Having you newborn sustain a birth injury is a terrible experience especially if it was preventable. While not all birth injuries stem from medical malpractice and negligence, unfortunately, a majority of injuries could have been prevented with diligent medical care. A recent study performed by the Centers for Disease Control and Prevention (CDC) comprised a list of the most common types of birth injuries due to medical negligence, including the following:
Brachial Palsy Injuries
The brachial plexus is a bundle of nerves responsible for moving the arms and hands. Brachial palsy injuries, including Erb’s palsy and Klumpke’s palsy, occur when this bundle of nerves is injured. Brachial plexus injuries most commonly occur when an infant’s shoulders are trapped in the mother’s pelvic bone during delivery. If a physician pulls too hard or incorrectly while attempting to deliver the baby, the brachial plexus can be damaged resulting in decreased movement in the arms and/or hands.
If during delivery, an infants face receives excessive pressure the facial nerves could be damaged. This type of injury is commonly found when physicians use forceps or a vacuum extraction to complete the delivery. Symptoms range from the inability to close the eye to no movement at all on the affected side of the face. If the injury is not too severe, it can clear up within a few weeks. More serious cases may lead to permanent paralysis on the side of the affected side of the face.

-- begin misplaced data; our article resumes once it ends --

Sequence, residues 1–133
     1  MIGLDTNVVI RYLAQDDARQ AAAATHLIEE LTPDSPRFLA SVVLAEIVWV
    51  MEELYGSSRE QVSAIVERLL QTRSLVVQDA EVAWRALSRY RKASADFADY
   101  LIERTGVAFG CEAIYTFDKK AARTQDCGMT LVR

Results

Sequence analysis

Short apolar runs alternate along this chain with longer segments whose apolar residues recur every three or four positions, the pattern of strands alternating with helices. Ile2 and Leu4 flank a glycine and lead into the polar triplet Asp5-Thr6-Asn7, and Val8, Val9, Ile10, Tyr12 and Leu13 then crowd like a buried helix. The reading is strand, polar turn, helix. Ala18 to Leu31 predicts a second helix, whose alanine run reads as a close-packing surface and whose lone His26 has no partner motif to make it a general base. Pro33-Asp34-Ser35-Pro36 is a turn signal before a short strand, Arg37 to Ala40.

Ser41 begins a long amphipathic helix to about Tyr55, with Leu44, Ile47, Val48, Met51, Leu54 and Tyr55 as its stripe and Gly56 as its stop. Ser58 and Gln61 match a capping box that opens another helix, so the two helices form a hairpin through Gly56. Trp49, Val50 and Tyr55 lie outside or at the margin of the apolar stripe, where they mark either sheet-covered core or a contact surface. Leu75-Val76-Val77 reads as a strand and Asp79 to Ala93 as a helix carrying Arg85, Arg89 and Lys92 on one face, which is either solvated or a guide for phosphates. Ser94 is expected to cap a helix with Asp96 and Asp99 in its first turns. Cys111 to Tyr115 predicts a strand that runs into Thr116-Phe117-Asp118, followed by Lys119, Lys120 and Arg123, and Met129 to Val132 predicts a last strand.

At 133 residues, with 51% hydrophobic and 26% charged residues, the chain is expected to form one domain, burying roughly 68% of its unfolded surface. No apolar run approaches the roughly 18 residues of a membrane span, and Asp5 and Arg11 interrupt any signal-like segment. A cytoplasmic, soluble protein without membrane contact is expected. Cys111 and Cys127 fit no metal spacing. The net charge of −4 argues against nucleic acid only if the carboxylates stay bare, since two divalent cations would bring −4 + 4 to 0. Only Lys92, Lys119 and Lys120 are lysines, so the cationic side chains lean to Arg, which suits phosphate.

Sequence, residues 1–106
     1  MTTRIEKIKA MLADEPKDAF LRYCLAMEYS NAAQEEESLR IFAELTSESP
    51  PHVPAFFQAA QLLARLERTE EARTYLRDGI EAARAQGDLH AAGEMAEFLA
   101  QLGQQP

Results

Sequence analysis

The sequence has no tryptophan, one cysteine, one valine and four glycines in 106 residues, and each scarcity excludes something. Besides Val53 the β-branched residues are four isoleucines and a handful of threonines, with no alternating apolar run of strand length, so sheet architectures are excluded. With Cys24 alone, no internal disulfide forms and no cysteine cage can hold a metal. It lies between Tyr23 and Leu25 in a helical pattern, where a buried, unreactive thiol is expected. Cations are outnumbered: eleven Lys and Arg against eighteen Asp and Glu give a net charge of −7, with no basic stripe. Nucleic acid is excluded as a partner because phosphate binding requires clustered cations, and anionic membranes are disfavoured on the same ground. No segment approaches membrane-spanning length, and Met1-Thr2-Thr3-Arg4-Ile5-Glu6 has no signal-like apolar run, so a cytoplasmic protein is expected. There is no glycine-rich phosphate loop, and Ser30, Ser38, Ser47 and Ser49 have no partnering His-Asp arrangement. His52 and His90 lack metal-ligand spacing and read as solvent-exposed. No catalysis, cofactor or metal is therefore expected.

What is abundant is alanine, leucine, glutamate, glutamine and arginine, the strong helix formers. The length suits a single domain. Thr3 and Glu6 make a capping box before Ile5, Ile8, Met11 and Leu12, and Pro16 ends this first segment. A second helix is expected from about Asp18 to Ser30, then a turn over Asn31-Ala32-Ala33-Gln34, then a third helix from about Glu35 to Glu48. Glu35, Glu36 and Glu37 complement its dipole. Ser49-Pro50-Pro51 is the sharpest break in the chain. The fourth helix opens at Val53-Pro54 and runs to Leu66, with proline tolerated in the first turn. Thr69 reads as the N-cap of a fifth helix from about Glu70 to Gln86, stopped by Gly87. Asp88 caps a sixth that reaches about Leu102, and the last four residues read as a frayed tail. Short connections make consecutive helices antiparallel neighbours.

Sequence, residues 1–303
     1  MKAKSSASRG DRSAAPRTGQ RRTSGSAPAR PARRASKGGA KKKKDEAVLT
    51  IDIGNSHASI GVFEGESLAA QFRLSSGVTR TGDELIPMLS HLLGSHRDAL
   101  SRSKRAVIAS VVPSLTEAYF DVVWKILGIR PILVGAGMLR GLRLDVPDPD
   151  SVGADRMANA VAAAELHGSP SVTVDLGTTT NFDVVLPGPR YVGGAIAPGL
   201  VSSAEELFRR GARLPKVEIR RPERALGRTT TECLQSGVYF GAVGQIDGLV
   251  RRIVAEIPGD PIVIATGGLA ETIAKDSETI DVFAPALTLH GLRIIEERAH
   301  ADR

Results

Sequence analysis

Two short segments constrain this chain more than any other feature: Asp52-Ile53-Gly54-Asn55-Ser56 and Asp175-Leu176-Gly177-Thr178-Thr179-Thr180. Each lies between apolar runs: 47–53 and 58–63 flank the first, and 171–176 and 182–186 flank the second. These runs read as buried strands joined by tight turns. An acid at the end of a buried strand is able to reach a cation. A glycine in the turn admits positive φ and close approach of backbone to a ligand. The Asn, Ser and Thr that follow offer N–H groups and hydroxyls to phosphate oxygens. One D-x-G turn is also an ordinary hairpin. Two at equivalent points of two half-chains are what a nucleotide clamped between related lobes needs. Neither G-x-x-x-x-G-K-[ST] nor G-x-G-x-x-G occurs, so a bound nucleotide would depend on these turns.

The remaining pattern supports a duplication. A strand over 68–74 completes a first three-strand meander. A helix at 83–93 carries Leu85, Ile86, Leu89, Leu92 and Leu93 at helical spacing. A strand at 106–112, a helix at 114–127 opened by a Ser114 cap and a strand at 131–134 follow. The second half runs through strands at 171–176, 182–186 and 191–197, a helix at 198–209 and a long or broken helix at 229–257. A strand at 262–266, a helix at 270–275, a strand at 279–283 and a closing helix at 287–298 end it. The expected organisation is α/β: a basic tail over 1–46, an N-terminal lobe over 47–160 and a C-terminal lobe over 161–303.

Oxygen deprivation may happen from umbilical cord issues like a prolapsed core, when the baby is allowed to remain too long in the birth canal or when a physician fails to correctly monitor an infant immediately after the birth. Oxygen deprivation can lead to a host of problems, with the most severe being a brain injury. When an infant suffers from a brain injury, a host of medical disorders may follow, including cerebral palsy and chronic seizures. Even mild oxygen deprivation can lead to serious consequences, including intellectual disabilities and long-term physical problems.
A clavicle fracture is the most common delivery fracture. This injury usually occurs when the delivering physician pulls the infant too hard while in the breech position. It can also happen when the shoulder is forcefully pulled during a prolonged, difficult delivery. The fracture may cause the inability to move the arm on the side of the injury. However, these types of injuries usually heal within 10 days.
Cephalohematoma is marked by bleeding underneath the cranium. Most often it appears several hours after birth as a raised bump on the top of the infant’s head. The use of birth-assisting tools have been known to cause cephalohematoma. The bump usually clears up within a few months but the injury causes other risks including jaundice, anemia, hypotension, and in rare cases, meningitis.
Caput succedaneum is swelling of the scalp in a newborn. It is most often brought on by pressure from the uterus or vaginal wall during a head-first (vertex) delivery. The likelihood of occurrence is increased by the improper use of a vacuum extraction tool. Swelling typically reduces within a days after the injury.
If you believe your child has sustained an injury due to medical malpractice, call the accident lawyers at Clekis Law Firm. There is no charge for your consultation and we recover expenses only if we collect money for you on your claim.